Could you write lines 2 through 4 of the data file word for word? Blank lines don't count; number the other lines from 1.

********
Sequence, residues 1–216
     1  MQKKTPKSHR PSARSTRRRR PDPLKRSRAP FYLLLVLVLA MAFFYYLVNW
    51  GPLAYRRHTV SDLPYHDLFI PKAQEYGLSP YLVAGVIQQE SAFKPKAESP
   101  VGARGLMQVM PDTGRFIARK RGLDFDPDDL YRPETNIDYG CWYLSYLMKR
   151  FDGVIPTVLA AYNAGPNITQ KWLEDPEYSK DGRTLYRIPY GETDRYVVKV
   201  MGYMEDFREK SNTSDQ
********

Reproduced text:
     1  MQKKTPKSHR PSARSTRRRR PDPLKRSRAP FYLLLVLVLA MAFFYYLVNW
    51  GPLAYRRHTV SDLPYHDLFI PKAQEYGLSP YLVAGVIQQE SAFKPKAESP
   101  VGARGLMQVM PDTGRFIARK RGLDFDPDDL YRPETNIDYG CWYLSYLMKR